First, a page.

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Math Help - Limits without use of L'Hospital and series expansion

  1. #1
    Senior Member pankaj's Avatar
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    Limits without use of L'Hospital and series expansion

    Without using series expansion of e^x and binomial expansion of \sqrt{1+x^2} evaluate the limit :
    \lim_{x\to 0}\frac{e^x-x-\sqrt{1+x^2}}{x^3}
    Also,you cannot use the L'Hospital rule.
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  2. #2
    Rhymes with Orange Chris L T521's Avatar
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    Quote Originally Posted by pankaj View Post
    Nobody wants to solve this limit!
    Its not that we don't want to solve it...its just that we can't think of a clever way to do it! We're discussing that same limit here.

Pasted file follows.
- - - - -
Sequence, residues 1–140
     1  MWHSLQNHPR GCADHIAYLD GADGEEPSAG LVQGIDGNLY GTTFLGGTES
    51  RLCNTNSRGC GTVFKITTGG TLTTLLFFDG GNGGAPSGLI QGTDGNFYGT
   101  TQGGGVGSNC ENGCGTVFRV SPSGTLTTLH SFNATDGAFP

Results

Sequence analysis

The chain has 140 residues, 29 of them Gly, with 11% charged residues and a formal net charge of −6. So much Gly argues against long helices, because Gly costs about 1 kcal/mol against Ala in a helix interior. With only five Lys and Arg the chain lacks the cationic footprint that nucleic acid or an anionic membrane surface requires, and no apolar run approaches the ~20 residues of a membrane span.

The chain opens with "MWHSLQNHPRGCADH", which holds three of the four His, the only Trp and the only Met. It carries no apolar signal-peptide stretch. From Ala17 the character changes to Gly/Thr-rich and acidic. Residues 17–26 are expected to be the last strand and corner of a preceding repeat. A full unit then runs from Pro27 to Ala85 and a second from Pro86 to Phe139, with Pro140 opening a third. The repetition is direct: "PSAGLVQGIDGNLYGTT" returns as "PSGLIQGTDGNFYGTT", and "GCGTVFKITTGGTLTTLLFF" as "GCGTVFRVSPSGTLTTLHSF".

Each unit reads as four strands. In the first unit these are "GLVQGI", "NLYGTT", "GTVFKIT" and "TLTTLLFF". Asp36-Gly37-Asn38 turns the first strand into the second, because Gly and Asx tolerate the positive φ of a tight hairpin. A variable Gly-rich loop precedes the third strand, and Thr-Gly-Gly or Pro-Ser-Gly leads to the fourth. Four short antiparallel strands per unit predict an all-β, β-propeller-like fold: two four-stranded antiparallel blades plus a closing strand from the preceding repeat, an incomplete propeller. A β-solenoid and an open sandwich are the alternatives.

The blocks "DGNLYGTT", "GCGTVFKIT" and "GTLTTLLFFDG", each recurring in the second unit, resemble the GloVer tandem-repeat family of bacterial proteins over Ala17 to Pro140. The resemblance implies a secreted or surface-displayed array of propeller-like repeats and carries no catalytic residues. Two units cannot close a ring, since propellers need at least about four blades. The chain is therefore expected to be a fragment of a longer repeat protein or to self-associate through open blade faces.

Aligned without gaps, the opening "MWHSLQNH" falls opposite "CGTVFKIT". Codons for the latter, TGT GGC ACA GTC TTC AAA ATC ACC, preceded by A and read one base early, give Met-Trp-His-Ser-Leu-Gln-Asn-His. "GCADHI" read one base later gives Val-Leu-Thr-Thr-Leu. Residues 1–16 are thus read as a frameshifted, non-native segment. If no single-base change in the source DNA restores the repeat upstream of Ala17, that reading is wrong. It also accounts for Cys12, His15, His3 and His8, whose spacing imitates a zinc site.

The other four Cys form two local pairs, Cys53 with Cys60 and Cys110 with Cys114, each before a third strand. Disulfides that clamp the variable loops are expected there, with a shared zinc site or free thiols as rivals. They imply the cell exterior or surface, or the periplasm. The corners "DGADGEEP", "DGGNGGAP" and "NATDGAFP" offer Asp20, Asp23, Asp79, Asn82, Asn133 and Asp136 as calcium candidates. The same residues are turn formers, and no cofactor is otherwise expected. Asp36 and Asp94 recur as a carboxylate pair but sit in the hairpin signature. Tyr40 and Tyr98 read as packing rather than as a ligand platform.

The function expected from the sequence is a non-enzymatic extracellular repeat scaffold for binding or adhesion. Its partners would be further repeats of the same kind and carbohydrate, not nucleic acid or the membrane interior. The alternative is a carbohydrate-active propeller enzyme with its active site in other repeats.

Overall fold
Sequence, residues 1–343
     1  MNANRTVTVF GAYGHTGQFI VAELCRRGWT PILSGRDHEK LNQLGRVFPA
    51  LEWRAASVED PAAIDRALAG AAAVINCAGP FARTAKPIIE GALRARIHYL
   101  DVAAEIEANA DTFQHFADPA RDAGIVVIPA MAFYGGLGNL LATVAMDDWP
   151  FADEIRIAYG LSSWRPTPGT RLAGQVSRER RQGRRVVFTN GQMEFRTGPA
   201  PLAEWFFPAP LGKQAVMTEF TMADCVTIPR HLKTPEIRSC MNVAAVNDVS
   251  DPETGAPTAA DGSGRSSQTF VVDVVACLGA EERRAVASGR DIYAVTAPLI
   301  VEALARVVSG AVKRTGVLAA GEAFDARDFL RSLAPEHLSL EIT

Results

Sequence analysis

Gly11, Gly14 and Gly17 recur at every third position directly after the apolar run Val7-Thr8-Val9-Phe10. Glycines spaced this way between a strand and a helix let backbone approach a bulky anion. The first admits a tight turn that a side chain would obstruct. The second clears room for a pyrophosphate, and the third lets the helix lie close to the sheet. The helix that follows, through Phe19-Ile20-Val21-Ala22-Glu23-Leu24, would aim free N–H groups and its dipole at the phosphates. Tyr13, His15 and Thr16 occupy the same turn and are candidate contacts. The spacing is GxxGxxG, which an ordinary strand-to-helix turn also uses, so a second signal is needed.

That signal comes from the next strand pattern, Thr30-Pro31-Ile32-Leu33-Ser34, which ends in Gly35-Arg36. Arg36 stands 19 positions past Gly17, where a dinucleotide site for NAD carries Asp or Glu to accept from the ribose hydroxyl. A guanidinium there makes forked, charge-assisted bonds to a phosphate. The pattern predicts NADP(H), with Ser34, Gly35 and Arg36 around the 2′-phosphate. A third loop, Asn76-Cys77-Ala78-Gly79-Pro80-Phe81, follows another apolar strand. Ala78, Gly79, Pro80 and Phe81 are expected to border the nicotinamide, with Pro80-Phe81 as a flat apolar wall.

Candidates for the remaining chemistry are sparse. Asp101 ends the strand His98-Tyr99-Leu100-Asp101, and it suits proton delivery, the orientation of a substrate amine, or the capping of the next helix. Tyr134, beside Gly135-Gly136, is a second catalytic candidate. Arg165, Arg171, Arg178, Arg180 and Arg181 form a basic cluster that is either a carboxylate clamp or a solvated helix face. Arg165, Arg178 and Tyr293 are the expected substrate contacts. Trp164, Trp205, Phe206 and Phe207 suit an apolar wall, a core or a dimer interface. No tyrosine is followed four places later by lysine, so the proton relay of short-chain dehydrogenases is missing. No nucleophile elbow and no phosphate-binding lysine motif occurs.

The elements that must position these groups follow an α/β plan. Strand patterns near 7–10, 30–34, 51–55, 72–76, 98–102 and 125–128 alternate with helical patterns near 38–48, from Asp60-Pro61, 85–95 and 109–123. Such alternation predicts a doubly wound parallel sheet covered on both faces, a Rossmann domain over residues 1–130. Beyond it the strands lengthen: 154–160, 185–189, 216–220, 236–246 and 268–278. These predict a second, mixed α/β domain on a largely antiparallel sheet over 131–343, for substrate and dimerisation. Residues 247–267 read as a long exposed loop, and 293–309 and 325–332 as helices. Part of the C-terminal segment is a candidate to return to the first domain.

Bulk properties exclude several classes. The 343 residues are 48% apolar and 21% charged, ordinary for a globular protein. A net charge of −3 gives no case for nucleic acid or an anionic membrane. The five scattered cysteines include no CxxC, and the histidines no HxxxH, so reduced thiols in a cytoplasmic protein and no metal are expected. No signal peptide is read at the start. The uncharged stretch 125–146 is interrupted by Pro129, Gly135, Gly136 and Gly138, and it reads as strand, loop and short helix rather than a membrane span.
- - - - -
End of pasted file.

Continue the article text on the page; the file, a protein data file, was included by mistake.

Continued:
--Chris
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  3. #3
    Senior Member pankaj's Avatar
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    Thanks Chris.I am myself on it.
    Last edited by pankaj; September 27th 2008 at 08:07 AM.
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  4. #4
    Grand Panjandrum
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    Quote Originally Posted by pankaj View Post
    Without using series expansion of e^x and binomial expansion of \sqrt{1+x^2} evaluate the limit :
    \lim_{x\to 0}\frac{e^x-x-\sqrt{1+x^2}}{x^3}
    Also,you cannot use the L'Hospital rule.
    The rules do not prevent you from using a series expansion of:

     f(x)=e^x-x-\sqrt{1+x^2}

    Or avoiding series the fact that f(0)=0,\ f'(0)=0,\ f''(0)=0 and the definition of (3rd) derivative to give:

    f(x)=\frac{x^3}{6}+o(x^3)

    (here o(x^3) denotes a function such that the limit as x goes to 0 of this function divided by x^3 goes to zero) which will allow the evaluation of the limit.

    I suspect though that you might consider all this to be cheating as this is tantamount to either L'Hopital's rule and/or the use of series)

    RonL
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  5. #5